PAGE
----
2. Get input and support from your supervisor: Discuss your ideas with a trusted supervisor if possible. Ask for input: Do you support this idea? What problems would it create? How could it work better? Your supervisor can be your best ally or your worst enemy. Listen carefully to any concerns, then work thoroughly and carefully to create solutions. Go back and present your revised plan. Your goal is to enlist your supervisor’s support for your plan, and to have her/him help you sell it to the company.
    3. Create and present your proposal: No matter what field or industry you’re in, strive for a professional-looking, well-thought-out and comprehensive proposal that anticipates and answers any concerns and explains how the company will benefit from this change. Let them know if it will reduce overhead costs, increase your productivity, or simply entice you to stay with the company if you’ve been thinking of quitting to spend more time with your children. Think about where you are willing to be flexible, what points you’re willing to negotiate and how much, and, if the answer is no, what is your Plan B. Think through all of the possible scenarios and try to prepare for any eventuality.

When writing your proposal, be sure to include:

  • A cover letter briefly stating your intentions and why you want to make the change, your contributions to the company thus far, and your eagerness to remain with and contribute to the company
  • All pertinent research you have gathered
  • Positive input from your supervisor and how you’ve addressed any concerns
  • Case histories of others in the company or from outside who have successfully implemented flexible work options, and positive results from their experiences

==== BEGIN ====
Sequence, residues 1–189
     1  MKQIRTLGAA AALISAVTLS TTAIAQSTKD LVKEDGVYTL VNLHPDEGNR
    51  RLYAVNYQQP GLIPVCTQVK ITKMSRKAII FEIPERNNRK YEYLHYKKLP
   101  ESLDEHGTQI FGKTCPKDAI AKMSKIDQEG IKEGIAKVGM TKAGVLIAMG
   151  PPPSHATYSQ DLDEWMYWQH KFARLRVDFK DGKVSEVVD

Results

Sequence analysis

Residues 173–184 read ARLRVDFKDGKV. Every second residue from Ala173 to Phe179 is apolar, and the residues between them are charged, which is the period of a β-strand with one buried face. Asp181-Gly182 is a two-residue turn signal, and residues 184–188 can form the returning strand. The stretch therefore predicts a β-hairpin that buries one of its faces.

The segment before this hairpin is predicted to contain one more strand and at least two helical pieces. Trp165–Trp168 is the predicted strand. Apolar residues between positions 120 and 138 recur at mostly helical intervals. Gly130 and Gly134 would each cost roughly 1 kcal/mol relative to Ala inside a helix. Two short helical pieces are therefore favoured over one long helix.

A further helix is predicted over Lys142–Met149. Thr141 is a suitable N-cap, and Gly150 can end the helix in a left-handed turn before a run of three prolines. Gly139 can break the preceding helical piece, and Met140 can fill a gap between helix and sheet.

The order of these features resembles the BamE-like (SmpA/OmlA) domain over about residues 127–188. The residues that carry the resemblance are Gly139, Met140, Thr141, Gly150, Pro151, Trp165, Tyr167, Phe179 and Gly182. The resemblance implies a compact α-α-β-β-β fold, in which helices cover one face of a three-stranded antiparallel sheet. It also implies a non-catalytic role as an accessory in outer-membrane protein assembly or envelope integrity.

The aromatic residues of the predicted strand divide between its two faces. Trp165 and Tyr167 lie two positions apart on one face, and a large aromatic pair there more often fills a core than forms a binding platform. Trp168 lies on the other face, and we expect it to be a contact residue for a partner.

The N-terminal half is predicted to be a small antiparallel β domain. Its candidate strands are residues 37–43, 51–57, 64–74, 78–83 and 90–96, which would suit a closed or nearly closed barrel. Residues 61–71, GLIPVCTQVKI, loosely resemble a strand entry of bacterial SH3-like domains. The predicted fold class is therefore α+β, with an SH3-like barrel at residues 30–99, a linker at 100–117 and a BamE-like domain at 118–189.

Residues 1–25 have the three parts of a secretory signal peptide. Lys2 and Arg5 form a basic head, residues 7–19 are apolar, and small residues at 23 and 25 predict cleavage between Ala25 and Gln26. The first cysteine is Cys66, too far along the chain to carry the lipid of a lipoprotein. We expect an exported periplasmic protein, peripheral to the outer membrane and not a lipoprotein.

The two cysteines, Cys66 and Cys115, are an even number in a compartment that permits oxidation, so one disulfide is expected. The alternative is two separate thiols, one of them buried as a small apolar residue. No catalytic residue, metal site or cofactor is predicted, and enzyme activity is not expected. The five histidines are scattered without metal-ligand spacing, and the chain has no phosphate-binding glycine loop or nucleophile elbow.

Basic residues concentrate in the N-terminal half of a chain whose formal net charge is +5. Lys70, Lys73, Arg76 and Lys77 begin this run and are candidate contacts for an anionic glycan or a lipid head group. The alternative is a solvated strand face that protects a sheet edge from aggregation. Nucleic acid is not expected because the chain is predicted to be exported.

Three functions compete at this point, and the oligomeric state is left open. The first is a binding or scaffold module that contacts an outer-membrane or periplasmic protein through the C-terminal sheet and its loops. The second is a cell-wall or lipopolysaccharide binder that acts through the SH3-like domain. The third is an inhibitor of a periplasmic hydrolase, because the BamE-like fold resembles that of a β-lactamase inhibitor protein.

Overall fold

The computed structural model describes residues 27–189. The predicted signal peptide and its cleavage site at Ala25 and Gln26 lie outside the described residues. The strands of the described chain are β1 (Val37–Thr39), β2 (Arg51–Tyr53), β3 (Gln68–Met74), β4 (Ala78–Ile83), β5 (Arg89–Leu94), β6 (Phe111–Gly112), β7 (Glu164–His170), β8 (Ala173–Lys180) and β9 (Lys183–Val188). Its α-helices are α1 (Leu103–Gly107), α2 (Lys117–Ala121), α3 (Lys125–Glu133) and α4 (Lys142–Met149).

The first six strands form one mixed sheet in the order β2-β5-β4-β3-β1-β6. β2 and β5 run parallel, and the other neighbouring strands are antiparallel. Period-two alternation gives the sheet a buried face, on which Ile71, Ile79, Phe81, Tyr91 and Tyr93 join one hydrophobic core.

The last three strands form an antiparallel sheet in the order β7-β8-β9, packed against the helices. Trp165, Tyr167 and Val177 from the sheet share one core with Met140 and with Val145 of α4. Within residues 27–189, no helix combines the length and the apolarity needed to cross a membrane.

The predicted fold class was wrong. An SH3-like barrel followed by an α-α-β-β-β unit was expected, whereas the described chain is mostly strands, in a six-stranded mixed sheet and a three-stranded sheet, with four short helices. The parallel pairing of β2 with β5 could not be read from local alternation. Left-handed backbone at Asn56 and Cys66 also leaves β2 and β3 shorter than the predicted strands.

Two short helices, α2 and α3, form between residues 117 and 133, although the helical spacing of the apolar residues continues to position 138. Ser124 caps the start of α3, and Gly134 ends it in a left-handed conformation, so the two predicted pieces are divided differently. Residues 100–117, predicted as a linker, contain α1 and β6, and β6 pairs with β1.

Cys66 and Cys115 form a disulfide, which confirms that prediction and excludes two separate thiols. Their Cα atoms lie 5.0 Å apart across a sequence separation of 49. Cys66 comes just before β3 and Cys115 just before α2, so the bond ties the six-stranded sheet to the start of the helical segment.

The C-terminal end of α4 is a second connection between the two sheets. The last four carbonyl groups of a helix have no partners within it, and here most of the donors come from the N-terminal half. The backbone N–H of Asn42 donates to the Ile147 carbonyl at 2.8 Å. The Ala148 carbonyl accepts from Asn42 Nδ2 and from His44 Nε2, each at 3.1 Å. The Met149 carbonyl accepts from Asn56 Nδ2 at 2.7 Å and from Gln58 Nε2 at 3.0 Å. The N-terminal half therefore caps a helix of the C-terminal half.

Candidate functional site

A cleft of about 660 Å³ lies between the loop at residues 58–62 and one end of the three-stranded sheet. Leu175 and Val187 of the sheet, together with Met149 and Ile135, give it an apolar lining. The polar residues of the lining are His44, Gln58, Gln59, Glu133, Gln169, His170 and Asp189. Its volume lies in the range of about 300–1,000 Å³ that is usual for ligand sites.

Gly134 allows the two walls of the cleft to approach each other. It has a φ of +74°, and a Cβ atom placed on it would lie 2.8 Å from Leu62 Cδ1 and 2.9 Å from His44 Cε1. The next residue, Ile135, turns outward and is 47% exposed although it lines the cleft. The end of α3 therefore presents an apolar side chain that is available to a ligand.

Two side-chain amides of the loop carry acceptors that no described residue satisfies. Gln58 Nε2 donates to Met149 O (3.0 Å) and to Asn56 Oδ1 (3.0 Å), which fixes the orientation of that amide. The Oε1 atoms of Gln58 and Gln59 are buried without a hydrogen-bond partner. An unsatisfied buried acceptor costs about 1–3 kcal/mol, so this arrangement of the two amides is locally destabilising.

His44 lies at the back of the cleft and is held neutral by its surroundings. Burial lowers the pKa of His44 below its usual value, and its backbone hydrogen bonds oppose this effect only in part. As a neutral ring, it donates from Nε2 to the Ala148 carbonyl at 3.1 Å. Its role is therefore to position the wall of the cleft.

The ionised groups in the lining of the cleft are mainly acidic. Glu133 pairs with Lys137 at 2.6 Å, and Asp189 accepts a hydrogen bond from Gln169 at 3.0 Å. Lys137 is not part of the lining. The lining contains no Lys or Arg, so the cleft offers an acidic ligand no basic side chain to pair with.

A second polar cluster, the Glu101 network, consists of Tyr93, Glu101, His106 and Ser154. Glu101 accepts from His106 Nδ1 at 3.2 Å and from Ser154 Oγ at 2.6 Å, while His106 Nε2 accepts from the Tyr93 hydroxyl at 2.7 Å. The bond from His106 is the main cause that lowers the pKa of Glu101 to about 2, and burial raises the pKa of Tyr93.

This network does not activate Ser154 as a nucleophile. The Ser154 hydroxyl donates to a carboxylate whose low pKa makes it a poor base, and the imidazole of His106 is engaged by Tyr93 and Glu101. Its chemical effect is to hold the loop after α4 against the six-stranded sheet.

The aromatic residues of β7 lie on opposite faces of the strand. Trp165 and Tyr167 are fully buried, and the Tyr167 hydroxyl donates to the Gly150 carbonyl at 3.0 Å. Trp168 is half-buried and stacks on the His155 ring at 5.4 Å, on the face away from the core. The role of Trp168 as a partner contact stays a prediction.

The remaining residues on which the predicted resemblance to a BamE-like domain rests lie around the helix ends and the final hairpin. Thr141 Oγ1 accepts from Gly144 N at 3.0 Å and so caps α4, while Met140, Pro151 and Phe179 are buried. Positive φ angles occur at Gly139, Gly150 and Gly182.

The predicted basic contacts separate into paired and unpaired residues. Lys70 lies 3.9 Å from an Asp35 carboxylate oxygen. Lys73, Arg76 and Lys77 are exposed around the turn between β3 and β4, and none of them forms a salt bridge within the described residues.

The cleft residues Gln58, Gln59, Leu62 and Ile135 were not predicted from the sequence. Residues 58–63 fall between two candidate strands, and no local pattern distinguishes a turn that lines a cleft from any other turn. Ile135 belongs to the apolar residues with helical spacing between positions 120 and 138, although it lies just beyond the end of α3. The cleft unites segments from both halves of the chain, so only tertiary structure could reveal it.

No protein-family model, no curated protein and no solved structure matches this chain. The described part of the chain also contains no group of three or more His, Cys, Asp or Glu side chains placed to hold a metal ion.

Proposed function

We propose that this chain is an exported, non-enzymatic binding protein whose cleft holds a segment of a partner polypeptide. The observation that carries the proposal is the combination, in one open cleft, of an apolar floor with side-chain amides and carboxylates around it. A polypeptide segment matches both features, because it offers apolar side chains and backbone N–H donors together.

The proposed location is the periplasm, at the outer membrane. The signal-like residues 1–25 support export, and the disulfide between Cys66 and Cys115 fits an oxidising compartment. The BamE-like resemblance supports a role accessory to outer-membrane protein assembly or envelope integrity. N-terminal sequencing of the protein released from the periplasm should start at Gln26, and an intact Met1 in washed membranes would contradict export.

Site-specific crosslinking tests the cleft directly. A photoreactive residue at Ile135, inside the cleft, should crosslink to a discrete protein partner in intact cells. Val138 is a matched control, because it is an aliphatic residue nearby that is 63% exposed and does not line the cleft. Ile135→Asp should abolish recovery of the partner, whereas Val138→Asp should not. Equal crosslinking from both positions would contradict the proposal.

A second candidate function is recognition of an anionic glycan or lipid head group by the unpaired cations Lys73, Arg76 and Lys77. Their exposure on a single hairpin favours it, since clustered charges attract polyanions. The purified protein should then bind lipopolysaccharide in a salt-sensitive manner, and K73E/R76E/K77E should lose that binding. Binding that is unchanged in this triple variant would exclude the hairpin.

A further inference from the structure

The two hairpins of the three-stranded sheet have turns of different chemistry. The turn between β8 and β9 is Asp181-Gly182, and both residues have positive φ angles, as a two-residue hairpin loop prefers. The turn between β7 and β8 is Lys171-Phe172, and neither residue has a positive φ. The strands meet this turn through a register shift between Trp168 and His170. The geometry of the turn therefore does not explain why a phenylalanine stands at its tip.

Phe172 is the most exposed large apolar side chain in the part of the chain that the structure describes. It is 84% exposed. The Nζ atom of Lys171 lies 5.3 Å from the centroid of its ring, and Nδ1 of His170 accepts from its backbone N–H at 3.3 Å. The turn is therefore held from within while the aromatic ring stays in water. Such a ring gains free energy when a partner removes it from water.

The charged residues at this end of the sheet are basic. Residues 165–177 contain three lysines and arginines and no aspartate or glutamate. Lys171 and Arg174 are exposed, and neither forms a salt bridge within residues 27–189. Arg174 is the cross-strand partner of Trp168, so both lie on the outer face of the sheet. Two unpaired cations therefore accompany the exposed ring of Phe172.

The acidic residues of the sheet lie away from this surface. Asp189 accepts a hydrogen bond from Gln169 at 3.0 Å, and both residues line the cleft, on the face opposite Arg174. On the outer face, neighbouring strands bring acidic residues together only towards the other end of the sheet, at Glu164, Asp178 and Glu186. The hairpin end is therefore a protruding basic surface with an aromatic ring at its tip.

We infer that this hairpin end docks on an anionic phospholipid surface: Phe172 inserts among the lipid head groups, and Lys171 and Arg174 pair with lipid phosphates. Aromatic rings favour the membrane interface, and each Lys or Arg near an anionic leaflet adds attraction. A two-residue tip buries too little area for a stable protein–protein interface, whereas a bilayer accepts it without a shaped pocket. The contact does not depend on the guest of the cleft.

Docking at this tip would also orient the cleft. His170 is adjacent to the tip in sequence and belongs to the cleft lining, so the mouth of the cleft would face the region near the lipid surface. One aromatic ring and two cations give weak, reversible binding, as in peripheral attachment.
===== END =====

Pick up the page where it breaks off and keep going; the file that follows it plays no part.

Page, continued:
• A specific plan covering:
    • Hours you will work, from where, accomplishing what
    • How you will communicate with others
    • How responsibilities will be covered when you’re not in the office
    • How emergencies or unexpected deadlines will be dealt with
    • Your ability to be flexible
  • Your proposal for compensation and benefits
  • Benefits to the company, such as reduced costs, higher productivity and morale
  • Suggested trial period and how the success of the proposed change will be evaluated

The fewer questions left unanswered, the better your proposal will be received, and, hopefully, the sooner you’ll be starting your new work schedule.

  1. Follow upIf your first attempt is not successful, ask that your employer clearly state her/his concerns. Again, carefully work through these concerns, doing any research necessary, and adjust your proposal accordingly. Then, try again! Be persistent as long as your proposal continues to improve and is of greater benefit to the employer.

When you have successfully negotiated a new work schedule, follow your plan carefully. Communicate often with everyone involved. Do everything you promised, but beware the trap of trying to do everything you did before in less time, and of becoming overly stressed or burned out. Create new solutions as problems come up. Be flexible when you can be and compromise when it makes sense to do so. Evaluate periodically, and make changes accordingly with your employer’s input and approval. Keep your employer, your supervisor and your co-workers informed about how well you are doing, and how the company is benefiting because of your work schedule.

Once you’re firmly implanted in your new schedule, be an advocate for other mothers who want more time with their children—you’re the expert now!